Leadership vs Managerial Accounting

Any time you put an Army veteran and a Marine Corps veteran at a table together in a social setting you will get the inevitable “insults.” They aren’t serious. Every veteran knows the mutual respect that flows and we have a lot of fun with it by picking on each other. For all that, one of the things we know equally well is the value of a true leader. Legendary names get thrown out and discussed. Eventually someone will comment that those people being named had proven themselves as leaders… and that is vastly different from being a manager. What are some of those differences?

Leadership doesn’t require a rank or a title. Leadership is something some people grow into and carry the mantle of, and they do it without ego or arrogance although their confidence would rarely be questioned. Leaders find a way, or create a way, to motivate those they are responsible for to do what needs to be done. They work side by side, hand in hand, right there in the muck and yuck to accomplish the mission at hand. They critique in private, praise in public and give recognition to those who perform above and beyond. Leaders develop those they lead into better people; more skilled people; more valuable people.

Managers… managerial accountants to be more precise… depend fully on their rank or title as the source of their “power.” A management position is something they strive to attain and they usually make no secret of their aspirations. Managers usually aren’t problem solvers, but look to others to fix any challenges or issues encountered in the process of accomplishing an assigned task. Managers like to sit behind a desk and tell others what to do, considering themselves above “the dirty work,” and not responsible for anyone but themselves. They are typically quick to blame or be critical of someone without any consideration for who’s around and when something goes right they are quick to take credit… whether it’s theirs to have or not. Managers are often afraid of those who excel as a threat to their position.

In just reading those two simple paragraphs, almost everyone I know would prefer to work with a leader than work for a manager; and there is a huge difference between working with or working for. Every member of the military, or veteran thereof, can name someone that is/was in their chain of command who was a leader. They can also name a few people who were managers. They aren’t shy about telling you they’d go to hell and back with the leader but didn’t even want to go to lunch with the manager. When asked why… eventually… it’ll come down to the fact that the leader is the embodiment of self-confidence without being self-centered. The manager? Self-centered and usually not as self-confident… or as competent.

Another thing that makes leaders stand out above and beyond managers is the type of employees or “followers” they prefer. Leaders like people who take initiative; who have some sense of independence; and, often, have a bit of a rebellious streak. Famous Marine Chesty Puller is credited with saying, “You aren’t a true Marine until you’ve been NJPd at least twice.” (NJP is non-judicial punishment. It means you did something you shouldn’t have but it’s not super serious so it’s handled “in house.”) Chief of Police Jeff Chudwin, a legend in his own right, once said that law enforcement is hiring the wrong people because we seek those who have never bucked the system; never been in trouble; never fought or shown that rebellious “bad boy” streak. Both men, recognized GREAT leaders, saw and believed in the value of those who weren’t perfect angels. They recognized that the strength of that rebellious streak – that independence and initiative – could be disciplined but not created.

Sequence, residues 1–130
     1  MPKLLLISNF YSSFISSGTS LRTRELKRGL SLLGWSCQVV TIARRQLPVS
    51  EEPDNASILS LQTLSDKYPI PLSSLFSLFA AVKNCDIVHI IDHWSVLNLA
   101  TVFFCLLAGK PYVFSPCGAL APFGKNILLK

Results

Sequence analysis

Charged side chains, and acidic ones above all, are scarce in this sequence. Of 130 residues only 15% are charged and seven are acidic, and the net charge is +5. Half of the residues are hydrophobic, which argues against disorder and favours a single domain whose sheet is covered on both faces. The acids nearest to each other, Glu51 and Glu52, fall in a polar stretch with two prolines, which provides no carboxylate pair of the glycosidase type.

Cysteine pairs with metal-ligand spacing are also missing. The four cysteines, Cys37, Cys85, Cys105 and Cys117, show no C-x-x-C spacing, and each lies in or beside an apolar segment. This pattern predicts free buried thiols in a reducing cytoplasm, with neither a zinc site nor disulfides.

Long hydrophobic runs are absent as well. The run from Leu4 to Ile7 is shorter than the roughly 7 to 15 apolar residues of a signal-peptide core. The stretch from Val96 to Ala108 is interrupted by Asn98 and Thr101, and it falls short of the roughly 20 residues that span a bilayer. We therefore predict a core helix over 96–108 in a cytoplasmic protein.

Managers, on the other hand, like employees who do what they’re told; who don’t show much initiative – maybe just enough to make the manager look good but surely not enough to look better than the manager at doing a given job. They like people who don’t buck the system and never break the rules… unless somehow doing so makes the manager look good. Interestingly, it’s near impossible to find any appreciated quote from a famous manager. There aren’t any.

As we all move through life, we should be striving to continue to grow and learn. Leaders empower that; encourage that; support that. Managers not so much. Managers don’t like things that change. It means THEY have to grow and learn and managers are all about the status quo. Recognizing that, if you work for a manager, your goal should be to recognize the limits you’re working under and strive to grow to overcome them. Will you be a threat to the manager’s job security? Probably. Should it matter to you? Not in the least. Yes, sometimes it’s a balancing act but YOU have to strive to be a better YOU and NOT limited by someone else’s fears, self-perception or self-limits.

Finally, if you are trying to figure out if you’re a leader or a manager, it’s a brutally honest self-critique but it helps to recognize that if you are a manager, you don’t have to remain so. You CAN learn to be a leader but it takes effort and change in how you perceive a lot of what’s around you. It’s well worth it though. Being a leader is better in the professional environment, no matter what the profession is, and in almost every aspect of your personal life as well. Leaders are better parents, better coaches, better mentors, better clergy… better everything. So which are you?

 

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  1. Pingback: Responsibility vs Blame vs Fault | FrankBorelli.com

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